NIST outlines potential “tech transfer” policy changes
Animal scientists working on federally funded projects may want to review a new draft green paper from the National Institute of Standards and Technology (NIST). The paper outlines how NIST hopes to modernize the policies that govern the commercialization of technologies developed with federal funding. According to NIST, the proposed policy changes are in response to the changing R&D landscape.
Background: The federal government invests over $150 billion annually in research and development. Two main laws, the Stevenson-Wydler Technology Innovation Act and the Bayh-Dole Act, govern how technology developed through federal funding can be commercialized. These acts were passed in the 1980s, so NIST is seeking to modernize their policies and improve the return on federal investments.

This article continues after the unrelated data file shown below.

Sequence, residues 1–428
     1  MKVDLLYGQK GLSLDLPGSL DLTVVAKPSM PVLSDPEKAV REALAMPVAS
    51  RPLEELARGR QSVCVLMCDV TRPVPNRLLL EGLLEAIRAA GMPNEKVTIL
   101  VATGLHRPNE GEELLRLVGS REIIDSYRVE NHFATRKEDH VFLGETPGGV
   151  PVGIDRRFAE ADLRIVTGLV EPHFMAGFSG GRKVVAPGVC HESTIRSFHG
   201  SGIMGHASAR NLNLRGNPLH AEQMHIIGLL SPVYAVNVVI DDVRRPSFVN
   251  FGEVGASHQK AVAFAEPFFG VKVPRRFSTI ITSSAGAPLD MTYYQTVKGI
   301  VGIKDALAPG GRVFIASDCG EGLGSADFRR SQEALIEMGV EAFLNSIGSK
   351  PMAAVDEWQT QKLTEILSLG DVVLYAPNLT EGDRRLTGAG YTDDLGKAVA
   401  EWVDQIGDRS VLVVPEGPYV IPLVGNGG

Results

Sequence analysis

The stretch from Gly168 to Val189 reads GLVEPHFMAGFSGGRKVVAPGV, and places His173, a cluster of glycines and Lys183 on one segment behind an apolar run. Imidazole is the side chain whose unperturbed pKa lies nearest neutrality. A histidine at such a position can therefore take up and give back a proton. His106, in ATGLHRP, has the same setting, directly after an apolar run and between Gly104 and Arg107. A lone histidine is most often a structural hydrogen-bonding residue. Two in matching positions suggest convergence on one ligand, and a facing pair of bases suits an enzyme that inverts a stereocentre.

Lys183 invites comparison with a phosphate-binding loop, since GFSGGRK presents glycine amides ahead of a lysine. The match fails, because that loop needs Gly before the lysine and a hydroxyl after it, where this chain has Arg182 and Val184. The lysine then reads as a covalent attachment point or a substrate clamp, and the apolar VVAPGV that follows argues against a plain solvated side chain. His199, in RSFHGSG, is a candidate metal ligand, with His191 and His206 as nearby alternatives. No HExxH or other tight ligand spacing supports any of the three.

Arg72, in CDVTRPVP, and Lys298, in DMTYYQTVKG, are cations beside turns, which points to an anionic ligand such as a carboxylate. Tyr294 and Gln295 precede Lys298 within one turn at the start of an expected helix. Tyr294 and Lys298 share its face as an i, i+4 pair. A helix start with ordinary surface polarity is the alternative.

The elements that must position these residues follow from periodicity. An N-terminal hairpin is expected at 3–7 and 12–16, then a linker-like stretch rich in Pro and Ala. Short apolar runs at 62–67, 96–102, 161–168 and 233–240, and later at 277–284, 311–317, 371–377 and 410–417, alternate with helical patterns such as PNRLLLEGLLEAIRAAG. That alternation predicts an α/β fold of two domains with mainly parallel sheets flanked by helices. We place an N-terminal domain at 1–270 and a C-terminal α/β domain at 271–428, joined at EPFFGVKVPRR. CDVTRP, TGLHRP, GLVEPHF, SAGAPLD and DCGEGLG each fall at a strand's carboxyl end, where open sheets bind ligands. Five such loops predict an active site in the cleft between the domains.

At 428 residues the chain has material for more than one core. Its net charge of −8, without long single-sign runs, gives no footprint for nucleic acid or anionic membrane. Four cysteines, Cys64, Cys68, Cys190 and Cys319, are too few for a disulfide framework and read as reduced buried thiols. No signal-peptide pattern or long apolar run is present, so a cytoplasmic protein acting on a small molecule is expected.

Proposed changes include:
- Clarifying requirements for the domestic manufacture of products resulting from federal R&D
- Authorizing new and expanded mechanisms for creating partnership agreements and nonprofit foundations that support federal agencies
- Allowing the limited use of R&D funding for intellectual property protection
- Establishing technology entrepreneurship programs at federal R&D agencies
- Clarifying and updating conflict of interest requirements to stimulate greater partnering between the private sector and researchers at federal laboratories and federally funded universities
- Developing a modern, easy-to-use federal intellectual property (IP) data reporting system to more effectively track IP and streamline regulations
- Launching a data portal that would provide the public with easy access to the IP and other R&D assets
- Better tracking of the outcomes and impacts from R&D investments
The public is welcome to submit comments on the report until Jan. 9, 2019. A final version of the green paper is expected in early 2019.